- Beware outlandish claims. Although you'd expect writers to understand the power and danger of the written word, many are looking so hard for something that will wow an editor that they aren't sufficiently skeptical. For years there have been some pranksters who dupe the media with often elaborately-constructed hoaxes to make a point of social commentary. But there often you can find one or more clues to something being a prank. For example, is there something that sounds too good to be believed? That should be a red flag. If you get something from an organization or business, check with directory information to see if it has a listed phone number.
- Check that web page. Putting up a web page is a trivial activity, these days. If someone offers a URL as proof of existence, use a tool like whois.net. Look up the domain (for instance, the example.org part of www.example.org). You can see when the domain was first created and last updated as well as the owner of the site. If the site was created or modified very recently or either someone other than the organization owns it (or the owner is concealed through an anonymous service), then you may be the target of a hoax.
- Ask an analyst. So many companies claim to be the top in their industry, it's a wonder that anyone is left to be second, let alone forty-second. But every industry has its market analyst firms, so search the web for one and ask about the business in question. If the expert has never heard of it, find another.
- Ask someone who's been there. Remember how Margaret B. Jones wrote a fake memoir about her life in foster care and running with gangs? How much pain the publisher Penguin Group would have avoided by talking to people who knew the gang scene in LA and asking if what she was turning in sounded plausible. No one exists in isolation, which means there are always people who should know any given person or organization, or at least will know if someone’s experience or background sounds legit. Pick up a phone and ask some of them.
- Do a web search. Go to a web search engine and look for a person's name along with any of a number of key words that could bring up red flags, such as radical or extremist; prosecuted or convicted; bankrupt or bankruptcy; and sued or lawsuit.
- Run a background check. When the topic is particularly important, you could invest as little as $10 to run a background check on someone, looking for criminal records, lawsuits, previous addresses, and property deed transfers that might back-up or refute a claim, or that could throw light on a hidden agenda or potential lack of veracity. Some major names in this are Intellius.com and Knowx.com.
- Check the corporation. Any corporation must have been incorporated somewhere, and that state will have information on its home, officers, and owners. If the person claiming to be CEO of some firm doesn’t appear anywhere in official records, there might be a problem.
- Check the non-profit. With a free basic registration on www.guidestar.com, you can look at an organization's recent IRS non-profit tax forms and learn about an organization's programs and finances. You might find something out about its objectives and intentions, as well.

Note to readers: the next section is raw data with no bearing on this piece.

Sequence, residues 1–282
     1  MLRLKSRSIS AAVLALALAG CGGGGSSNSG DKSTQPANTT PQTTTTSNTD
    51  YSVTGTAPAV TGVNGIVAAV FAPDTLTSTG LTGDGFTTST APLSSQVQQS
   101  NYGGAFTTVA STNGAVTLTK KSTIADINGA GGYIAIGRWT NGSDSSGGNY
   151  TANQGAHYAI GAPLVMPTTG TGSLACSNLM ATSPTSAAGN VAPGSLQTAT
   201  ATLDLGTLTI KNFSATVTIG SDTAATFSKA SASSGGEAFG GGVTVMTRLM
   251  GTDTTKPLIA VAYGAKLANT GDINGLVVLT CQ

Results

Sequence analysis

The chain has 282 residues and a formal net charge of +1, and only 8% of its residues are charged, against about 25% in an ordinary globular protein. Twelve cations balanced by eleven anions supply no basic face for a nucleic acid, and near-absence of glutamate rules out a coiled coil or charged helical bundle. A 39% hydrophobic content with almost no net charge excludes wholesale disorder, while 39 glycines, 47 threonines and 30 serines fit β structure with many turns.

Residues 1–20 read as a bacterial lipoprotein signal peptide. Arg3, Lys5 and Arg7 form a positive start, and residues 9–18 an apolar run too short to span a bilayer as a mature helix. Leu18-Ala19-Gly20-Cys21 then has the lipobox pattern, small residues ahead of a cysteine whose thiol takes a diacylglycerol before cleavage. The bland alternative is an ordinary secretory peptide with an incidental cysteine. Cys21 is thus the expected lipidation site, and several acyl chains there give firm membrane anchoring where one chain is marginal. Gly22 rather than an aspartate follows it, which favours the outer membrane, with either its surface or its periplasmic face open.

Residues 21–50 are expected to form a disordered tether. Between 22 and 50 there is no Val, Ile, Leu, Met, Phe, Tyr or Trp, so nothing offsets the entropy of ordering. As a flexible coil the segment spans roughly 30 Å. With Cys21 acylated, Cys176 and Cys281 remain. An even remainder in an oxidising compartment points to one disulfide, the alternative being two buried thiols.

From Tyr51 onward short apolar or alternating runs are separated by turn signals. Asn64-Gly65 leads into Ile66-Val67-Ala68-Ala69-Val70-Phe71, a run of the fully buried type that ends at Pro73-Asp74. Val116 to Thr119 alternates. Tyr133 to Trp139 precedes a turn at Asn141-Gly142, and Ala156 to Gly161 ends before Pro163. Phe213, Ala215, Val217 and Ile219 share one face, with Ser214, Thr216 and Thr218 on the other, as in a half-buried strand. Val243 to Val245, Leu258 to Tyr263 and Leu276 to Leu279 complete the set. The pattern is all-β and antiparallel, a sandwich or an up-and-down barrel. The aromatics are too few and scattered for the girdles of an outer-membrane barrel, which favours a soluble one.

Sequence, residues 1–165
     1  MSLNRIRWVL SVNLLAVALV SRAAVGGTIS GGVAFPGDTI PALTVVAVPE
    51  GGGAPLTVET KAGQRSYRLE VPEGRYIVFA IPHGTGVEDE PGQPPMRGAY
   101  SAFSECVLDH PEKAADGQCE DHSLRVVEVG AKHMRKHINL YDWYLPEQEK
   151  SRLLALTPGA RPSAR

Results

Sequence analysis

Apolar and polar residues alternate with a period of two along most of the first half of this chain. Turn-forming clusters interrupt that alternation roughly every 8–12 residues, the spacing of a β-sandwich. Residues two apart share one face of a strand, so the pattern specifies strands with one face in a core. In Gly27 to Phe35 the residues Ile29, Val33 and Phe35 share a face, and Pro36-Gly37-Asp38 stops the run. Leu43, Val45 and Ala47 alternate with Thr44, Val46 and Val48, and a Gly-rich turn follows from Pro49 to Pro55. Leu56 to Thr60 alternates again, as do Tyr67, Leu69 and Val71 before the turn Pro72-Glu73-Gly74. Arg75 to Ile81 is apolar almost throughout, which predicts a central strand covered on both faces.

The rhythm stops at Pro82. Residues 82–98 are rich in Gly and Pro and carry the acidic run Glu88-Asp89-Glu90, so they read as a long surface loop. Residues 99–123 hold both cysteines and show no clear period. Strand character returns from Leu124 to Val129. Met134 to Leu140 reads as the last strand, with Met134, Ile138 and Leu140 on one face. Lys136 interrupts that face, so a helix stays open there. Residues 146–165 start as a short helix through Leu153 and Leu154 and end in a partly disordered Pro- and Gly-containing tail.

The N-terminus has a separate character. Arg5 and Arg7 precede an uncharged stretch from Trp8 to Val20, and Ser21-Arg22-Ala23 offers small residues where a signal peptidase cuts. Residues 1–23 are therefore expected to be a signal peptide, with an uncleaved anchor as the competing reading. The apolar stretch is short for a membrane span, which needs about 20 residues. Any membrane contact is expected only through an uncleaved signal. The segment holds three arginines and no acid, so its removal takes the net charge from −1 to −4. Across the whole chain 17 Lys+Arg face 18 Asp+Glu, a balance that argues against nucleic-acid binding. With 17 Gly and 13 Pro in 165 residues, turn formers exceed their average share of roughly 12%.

- Do claims stand up? Be a little cynical. Corporations, organizations, people, and their press representatives make claims about awards, status, or standing. Do a quick check to see how they stand up. I remember having a PR firm pitch a supposed Fortune 500 company as a source for a story I was writing. I had never heard of the company before, although it was in an industry I knew. Curious, I went to Fortune Magazine's list of the Fortune 500. The company didn't appear. When confronted, the sputtering PR rep explained how his client was a "Fortune500-type" company.
- Look for the bad press. A growing number of firms and individuals try to look good by using search engine optimization techniques to create self-serving sites and stories about themselves, pushing more negative information farther down a search list. Look up the company or person, skip the first couple of pages of results, and see what a little more digging turns up. You could also search for the company name and "sucks", "sux", "I hate", and other terms of non-endearment.
- Fire up the Wayback Machine. Remember the cartoon about a dog named Peabody, his boy, Sherman (no relation), and a time travel device called the Wayback Machine? WaybackMachine.org, which keeps archives of web pages all the way back to 1996. If a company has removed potentially embarrassing information from its web site, you might find it there.
- Don’t trust email. I remember reading an article by a Providence, RI music journalist who told the story of thinking he had an email interview with a famous musician, only to find, after it was in print, that the person was a hoaxer.
- Ask a university. Many people claim degrees and school affiliations that simply never existed. If someone says she graduated from Harvard Law School in 1993, call the school and ask, being sure to ask the source for a maiden name if appropriate.
- Is the person really a veteran? There have been a number of cases where people claimed a military background or certain awards or metals although they had no connection. But you can check. It can be a bit complex, but the authors of the book Stolen Valor: How the Vietnam Generation Was Robbed of Its Heroes and Its History have instructions at their web site, www.stolenvalor.com.
And then there is the most important tool: common sense. When something in a story sounds too good to be true, take the extra few minutes to see if it is.